• xFolk
    xFolk is a simple and open format for publishing collections of bookmarks.

Advantages of Microformats

  • “Say you want to sell your car. [...] What if we could somehow post a listing to our blog, and then easily let services which cared about classifieds listings know that there is a new or updated classified at my site. The missing piece that would enable this is a standard format (after all html doesn’t have a element).” [Add Microformats Magic to your site]
  • “Now your information is scattered all over the Web, and you have to pick which sites you want to use. Soon: the combination of blogging and microformats is now reversing this model. Now, your information remains in your blog, and the Web sites come to you. For instance, if you want to sell something, you can blog about it using an hListing, and a site like edgeio will find it when it aggregates classified advertisements across the Web.” [Microformats: Introduction]
  • “Microformats enable the publishing and sharing of higher fidelity information on the Web. Small bits of (X)HTML that identify richer data types like people and events in your webpages. Building blocks that enable users to own, control, move, and share their data on the Web.” [What are microformats]
  • “Like CSS, microformats let you to do some interesting things through JavaScript and the DOM. After all, microformats are just a bunch of XHTML.” [Microformats Primer]
  • Benefits of Microformats: they are (search) machine-readable, accurate and appropriate metadata, meaningful markup.
  • With Microformats “you can create more consistent content. You can share your microformat with content providers, ensuring that you’ll get content in the right format. You don’t need to DO anything to that content before you present it to users.” [The Awesome Power of Microformats]
  • “So what use would microformats be in a web browser? [...] Future Web browsers are likely going to associate semantically marked up data you encounter on the Web with specific applications, either on your system or online. This means the contact information you see on a Web site will be associated with your favorite contacts application.” [Mozilla Does Microformats]
  • “The idea is that i.e. as soon as any page that has an hCard on it you can add to your address book, you can sync it with your PDA, your handheld, and it makes contact information, personal information, on the web a lot more useful.” [Microformats: Evolving the Web]

Microformats are already being used!

  • Edgeio.com (Weblog based business as niche for small and large companies), Rubhub.com (determines relationships between websites and peoples, scenarios: find alternative connections for supplies in producer chains,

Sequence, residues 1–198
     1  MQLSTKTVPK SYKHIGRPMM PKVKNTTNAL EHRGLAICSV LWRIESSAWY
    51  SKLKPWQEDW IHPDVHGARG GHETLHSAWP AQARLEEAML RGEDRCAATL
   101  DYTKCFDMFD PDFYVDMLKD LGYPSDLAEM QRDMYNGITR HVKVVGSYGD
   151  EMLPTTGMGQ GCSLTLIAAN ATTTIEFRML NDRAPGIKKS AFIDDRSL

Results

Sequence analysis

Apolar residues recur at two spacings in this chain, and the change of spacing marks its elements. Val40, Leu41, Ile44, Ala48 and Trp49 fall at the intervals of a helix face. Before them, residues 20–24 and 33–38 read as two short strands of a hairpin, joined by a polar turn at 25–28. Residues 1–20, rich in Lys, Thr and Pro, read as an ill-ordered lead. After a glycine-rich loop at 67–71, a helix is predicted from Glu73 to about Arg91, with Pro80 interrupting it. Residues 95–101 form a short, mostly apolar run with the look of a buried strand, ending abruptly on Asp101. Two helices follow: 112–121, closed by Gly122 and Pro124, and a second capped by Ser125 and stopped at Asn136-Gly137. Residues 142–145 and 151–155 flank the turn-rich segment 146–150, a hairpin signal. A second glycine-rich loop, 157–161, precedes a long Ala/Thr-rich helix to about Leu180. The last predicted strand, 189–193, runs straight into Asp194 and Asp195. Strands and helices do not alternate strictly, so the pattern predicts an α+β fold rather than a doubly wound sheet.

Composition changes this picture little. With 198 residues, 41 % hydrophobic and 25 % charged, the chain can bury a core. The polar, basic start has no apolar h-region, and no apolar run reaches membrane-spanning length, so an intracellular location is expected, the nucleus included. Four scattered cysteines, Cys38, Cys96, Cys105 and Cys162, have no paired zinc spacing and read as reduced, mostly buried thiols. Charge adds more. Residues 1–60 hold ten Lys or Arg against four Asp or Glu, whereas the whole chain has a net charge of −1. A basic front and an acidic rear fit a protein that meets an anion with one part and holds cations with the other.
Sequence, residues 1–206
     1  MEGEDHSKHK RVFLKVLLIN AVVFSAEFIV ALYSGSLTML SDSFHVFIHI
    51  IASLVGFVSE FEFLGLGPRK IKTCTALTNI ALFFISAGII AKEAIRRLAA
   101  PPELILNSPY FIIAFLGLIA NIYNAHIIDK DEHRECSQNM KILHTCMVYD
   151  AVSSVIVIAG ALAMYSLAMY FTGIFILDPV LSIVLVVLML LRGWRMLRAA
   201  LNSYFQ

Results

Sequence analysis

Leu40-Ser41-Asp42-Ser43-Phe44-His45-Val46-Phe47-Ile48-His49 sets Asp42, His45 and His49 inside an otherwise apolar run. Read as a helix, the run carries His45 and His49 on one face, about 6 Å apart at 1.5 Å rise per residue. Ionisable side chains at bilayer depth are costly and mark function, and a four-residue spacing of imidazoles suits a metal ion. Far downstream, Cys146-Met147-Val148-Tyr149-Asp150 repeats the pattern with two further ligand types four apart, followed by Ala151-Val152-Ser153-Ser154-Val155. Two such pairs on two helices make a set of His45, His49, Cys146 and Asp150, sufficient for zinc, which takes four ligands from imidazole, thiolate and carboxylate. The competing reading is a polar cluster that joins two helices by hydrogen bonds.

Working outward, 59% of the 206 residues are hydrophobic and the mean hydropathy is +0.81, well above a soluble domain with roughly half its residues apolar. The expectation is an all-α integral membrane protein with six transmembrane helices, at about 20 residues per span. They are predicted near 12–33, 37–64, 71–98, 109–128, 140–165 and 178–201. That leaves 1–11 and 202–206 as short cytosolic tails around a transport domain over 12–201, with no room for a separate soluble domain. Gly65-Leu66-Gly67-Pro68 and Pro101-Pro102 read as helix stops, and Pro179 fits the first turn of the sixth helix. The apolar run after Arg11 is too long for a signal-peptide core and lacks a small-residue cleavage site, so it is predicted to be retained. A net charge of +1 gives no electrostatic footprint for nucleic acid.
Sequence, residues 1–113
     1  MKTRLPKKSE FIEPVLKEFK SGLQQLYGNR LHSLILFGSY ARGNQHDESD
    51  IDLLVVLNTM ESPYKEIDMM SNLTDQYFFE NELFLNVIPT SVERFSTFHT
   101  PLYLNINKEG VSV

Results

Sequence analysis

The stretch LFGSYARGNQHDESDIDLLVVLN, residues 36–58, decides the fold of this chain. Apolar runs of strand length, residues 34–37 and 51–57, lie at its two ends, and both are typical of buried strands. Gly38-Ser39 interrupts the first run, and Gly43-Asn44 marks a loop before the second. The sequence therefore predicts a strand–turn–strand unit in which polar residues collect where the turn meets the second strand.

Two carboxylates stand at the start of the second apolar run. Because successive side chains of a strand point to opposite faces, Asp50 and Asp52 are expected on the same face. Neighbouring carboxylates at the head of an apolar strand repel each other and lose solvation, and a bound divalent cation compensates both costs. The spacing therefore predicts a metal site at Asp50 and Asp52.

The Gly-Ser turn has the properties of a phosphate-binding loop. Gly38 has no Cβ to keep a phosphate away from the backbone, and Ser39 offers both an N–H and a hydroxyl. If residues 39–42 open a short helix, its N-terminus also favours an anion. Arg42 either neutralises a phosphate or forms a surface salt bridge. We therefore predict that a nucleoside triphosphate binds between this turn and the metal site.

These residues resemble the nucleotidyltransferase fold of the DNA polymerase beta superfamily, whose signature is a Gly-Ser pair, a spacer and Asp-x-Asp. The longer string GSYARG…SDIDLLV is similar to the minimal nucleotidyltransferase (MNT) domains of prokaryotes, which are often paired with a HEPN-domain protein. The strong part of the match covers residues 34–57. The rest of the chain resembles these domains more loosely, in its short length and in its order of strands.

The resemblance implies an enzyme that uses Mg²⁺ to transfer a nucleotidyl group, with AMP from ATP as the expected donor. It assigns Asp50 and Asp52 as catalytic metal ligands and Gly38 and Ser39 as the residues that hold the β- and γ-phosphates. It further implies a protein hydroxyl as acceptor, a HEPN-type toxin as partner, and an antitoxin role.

bookseller, car suppliers, internal contact management within large companies), Technorati.com (indexes hCard, hCalendar, and hReview, and also cumulative data is updated via event-driven pings)
  • Microformats can be used within Firefox Extensions (Tails, Greasemonkey scripts for hCard, hCalendar, xFolks, etc.) and Blogging Extensions (Structured Blogging for WordPress)

Articles About Microformats

Microformats Tools

Microformats Icons

  • Microformats Bookmarklet
    helps to extract existing hCards and hCalendars and shows and stores existing contacts and events.
  • Tails Export
    An extension for Showing and Exporting Microformats. Currently it supports hCard [export to .vcf file], hCalendar [export to .ics file], hReview, xFolk and Rel-license.
  • Highlight Microformats with CSS
    Those that use Firefox with the Tails extension, read no further. This is not for you. You have it given to you on a plate, you don’t know how lucky you are. This is for those of us using Camino, Safari or Omniweb.
  • Operator
    Operator leverages microformats that are already available on many web pages to provide new ways to interact with web services. It lets you combine pieces of information on Web sites with applications in ways that are useful. For instance, Flickr + Google Maps, Upcoming.org + Google Calendar, Yahoo! Local + your address book, and many more possibilities and permutations.
  • Microformats Dreamweaver Extension
    Microformats Dreamweaver extension (ideally for use with Dreamweaver 8, although should work for MX and above) implements a few simple Insert Bar Objects to help Dreamweaver users to add hCalendar, hCard, rel-license, rel-tag and XFN data to their documents. After installing, you’ll find a new Microformats category on your Insert Bar. Support for more formats is to follow, so check back.
  • microformats.css
    A CSS-based template for existing microformats, based upon the microformats cheatsheet (PDF)
  • Microformats Cheat Sheet
    This Microformats Cheat Sheet covers iCalendar, hCalendar, hReview, vCard, hCard, RelLicense, RelTag, XFN Format and Values and Dates.
  • Microformats Cheat Sheet
    This microformats cheat sheet lists the properties by format and also lists each format and the hierarchy. This includes elemental microformats, compound microformats and some of the standard design patterns used.
  • Microformats Icons
    The starter set contains icons for hCal, hResume, hCard, XFN and a generic TAG icon.

Tutorials, Introductions to Microformats

Blogs & Wikis

  • Microformats.org
    Designed for humans first and machines second, microformats are a set of simple, open data formats built upon existing and widely adopted standards. Learn more about microformats.